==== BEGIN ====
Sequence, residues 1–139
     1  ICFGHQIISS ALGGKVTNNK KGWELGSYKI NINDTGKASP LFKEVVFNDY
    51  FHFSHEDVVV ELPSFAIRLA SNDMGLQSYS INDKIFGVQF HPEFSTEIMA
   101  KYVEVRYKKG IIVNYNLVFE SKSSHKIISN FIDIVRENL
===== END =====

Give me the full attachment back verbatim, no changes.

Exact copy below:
Sequence, residues 1–139
     1  ICFGHQIISS ALGGKVTNNK KGWELGSYKI NINDTGKASP LFKEVVFNDY
    51  FHFSHEDVVV ELPSFAIRLA SNDMGLQSYS INDKIFGVQF HPEFSTEIMA
   101  KYVEVRYKKG IIVNYNLVFE SKSSHKIISN FIDIVRENL